Originally from the Hawkesbury region north-west of Sydney, Daniel Tolson has been a champion wakeboarder, a builders labourer, cabin crew for Emirates, a hypnotist, a business owner, an ex-business owner, a podcaster and a YouTuber. These days he’s an Aussie expat who coaches business clients virtually from Taiwan where he lives with his wife and two young kids. Yahoo Finance checked in to hear how he built his seven-figure business.
What does your business do?
You know that feeling you get when you don’t know where your next customer is coming from? And you're worried if you're going to make enough money to survive? That's the problem I solve for my clients.
There are three reasons my clients come to me for help in their business. The first reason is they want to catapult their influence. Secondly, they want to accelerate their impact. And thirdly, they want to unleash new income levels. It normally works in that order. If they become more influential, then they can have a bigger impact in the life of their team and the customers and once that starts to happen, then the reward is a new income level.
What led you to start your current business?
I lost a business in 2007. I was betrayed by a business partner and I didn't know enough about business at that stage to have contracts and agreements in place. I'd been working towards building a business for many years and lost everything overnight.
I then came back to Australia in Christmas 2007 and I realised that the country had changed. I'd always been self employed through family businesses, and now everybody wanted a certificate or degree to get a job. The only jobs that I could get was being a builder's labourer or shovelling concrete. The worst job that I had was as a lollipop man.
So there I was: a former Australian champion athlete who had been running a family business and had a successful career in real estate without any certification... who could no longer get a job because I'm uneducated.
That brought up a lot of things from the past because when I went to school at age 11, I was diagnosed with linear sequential learning disability and I spent five years in remedial therapy. Then once I got to high school, I contracted Epstein Barr Virus, chronic fatigue, teenage chickenpox, and then I dropped out of school at age 17. I spent the next two years in and out of rehabilitation for two major knee reconstructions.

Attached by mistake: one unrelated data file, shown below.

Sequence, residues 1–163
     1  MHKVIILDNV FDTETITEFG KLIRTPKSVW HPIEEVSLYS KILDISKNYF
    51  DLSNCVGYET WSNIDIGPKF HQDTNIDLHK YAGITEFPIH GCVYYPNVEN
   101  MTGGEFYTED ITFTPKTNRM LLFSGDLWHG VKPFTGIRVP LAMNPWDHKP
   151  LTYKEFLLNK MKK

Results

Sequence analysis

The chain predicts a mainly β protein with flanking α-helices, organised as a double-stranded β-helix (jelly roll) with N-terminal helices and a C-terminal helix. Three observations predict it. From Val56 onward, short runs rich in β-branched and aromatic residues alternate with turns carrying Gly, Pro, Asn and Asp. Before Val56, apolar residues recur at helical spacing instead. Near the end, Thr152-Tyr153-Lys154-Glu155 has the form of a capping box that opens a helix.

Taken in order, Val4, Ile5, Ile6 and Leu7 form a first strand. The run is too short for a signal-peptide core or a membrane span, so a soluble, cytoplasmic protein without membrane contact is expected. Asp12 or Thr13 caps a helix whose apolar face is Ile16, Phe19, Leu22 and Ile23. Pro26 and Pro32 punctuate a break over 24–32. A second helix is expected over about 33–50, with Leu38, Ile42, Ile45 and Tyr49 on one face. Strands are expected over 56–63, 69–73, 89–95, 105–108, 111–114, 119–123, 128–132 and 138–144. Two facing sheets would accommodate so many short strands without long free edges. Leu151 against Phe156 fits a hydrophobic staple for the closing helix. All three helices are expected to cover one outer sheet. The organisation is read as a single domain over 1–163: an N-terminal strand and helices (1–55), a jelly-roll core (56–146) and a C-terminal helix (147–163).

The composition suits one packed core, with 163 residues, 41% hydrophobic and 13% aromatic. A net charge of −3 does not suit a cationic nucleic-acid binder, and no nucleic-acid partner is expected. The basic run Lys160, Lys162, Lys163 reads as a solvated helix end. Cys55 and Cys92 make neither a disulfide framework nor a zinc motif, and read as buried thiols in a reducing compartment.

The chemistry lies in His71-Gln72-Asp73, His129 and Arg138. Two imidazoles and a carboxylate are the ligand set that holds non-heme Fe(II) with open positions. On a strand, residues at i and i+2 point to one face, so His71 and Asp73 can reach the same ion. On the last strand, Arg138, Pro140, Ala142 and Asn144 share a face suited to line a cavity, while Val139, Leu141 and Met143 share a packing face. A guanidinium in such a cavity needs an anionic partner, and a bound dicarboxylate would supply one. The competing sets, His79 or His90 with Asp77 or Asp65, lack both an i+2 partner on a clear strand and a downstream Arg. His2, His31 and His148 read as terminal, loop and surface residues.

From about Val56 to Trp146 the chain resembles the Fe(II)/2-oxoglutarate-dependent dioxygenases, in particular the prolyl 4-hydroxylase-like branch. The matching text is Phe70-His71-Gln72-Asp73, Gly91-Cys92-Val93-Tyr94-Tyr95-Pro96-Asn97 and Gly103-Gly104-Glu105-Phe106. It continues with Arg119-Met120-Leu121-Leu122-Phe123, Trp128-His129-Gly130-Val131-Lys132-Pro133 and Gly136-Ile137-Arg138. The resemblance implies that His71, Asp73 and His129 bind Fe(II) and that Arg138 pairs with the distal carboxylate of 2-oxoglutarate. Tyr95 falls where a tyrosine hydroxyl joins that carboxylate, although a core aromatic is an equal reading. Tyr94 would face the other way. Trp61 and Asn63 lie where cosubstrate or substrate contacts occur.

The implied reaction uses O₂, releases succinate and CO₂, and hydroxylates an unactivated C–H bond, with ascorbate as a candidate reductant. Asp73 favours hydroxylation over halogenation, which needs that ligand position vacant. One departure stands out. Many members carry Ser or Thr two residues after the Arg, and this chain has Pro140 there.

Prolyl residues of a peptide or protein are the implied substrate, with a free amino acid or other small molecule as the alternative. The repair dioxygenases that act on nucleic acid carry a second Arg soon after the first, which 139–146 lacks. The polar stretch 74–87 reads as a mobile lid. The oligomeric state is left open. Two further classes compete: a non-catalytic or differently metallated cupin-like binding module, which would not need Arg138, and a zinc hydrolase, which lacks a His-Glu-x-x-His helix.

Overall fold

When 2008 came around and I was working as a lollipop man, I said to myself, 'this is not what I'm here to do'.
So I applied for a job with Emirates Airline in Dubai and I got the job. Then in 2010 I got a 4am telephone call saying my fiancée (who also worked for Emirates) had been in an accident… she couldn’t return to work because of a permanent disability.
By this time I'm co-leading a team of 17,000 cabin crew as a senior flight steward. I've used all my holidays, the company has been very good to me but I had to make a decision. Do I fly and risk not being there for the birth of my daughter or do I resign from my job?
At the end of 2012, I resigned from my job and then returned to Taiwan to be with my wife for the birth of our daughter.
That's how our business started: through trauma.
How did you land your first client(s)?
It's a very interesting business model, because I sell my knowledge. I'm getting a return on investment of time; so my first clients in 2009 literally paid me Starbucks coffee in Dubai. I would work on the aircraft and so I'd exchange a coaching session for a testimonial. Then when I first started to get paid I started to work with pilots to help them pass their exams by teaching them how to retain and recall information faster.
I left Emirates airline in 2013 and first hit a seven-figure revenue in 2017.
What have been some of your biggest milestones in business?
My biggest milestone is knowing my knowledge creates a significant impact on people's business. And my best milestone was earning A$5,000 for 90 minutes of consulting. That was a huge return on investment (ROI). As cabin crew, I wouldn't have earned that in a month, but there I was charging A$5,000 for just 1.5 hours.
That was important for me because I wasn't educated in the school system. Now it doesn't mean that I'm not self educated - I've read hundreds of books, courses and articles and I've written books. But for me to be able to prove to myself that I am worthy without an official certification was a huge boost to my confidence.
What would be your biggest mistake in business?
Not believing in myself 100 per cent. I think the biggest obstacle would be fear, doubt and limiting belief. Fear of rejection, fear of failure, fear of trying and failing, doubts when comparing myself to others, or thinking that because I'm not educated, I might not be able to charge these fees.
That includes the self limiting beliefs which I call the b*****t stories that we tell ourselves like ‘I can't do this because I'm not educated’ or ‘Who's going to buy my services? I don't know enough'. They would have been my biggest obstacles and the biggest enemy to success.
What’s your best piece of advice for an aspiring business owner?
Get to know your numbers. The fact that most businesses fail in the first two years has nothing to do with their production services. It's to do with their preparation. Most businesses don't make it to the fifth year, but the majority of businesses that make it to the seventh year end up becoming very profitable. So you've got to learn to be resilient. You've got to learn to get knocked down and get back up. And if you refuse to quit, then ultimately you will succeed.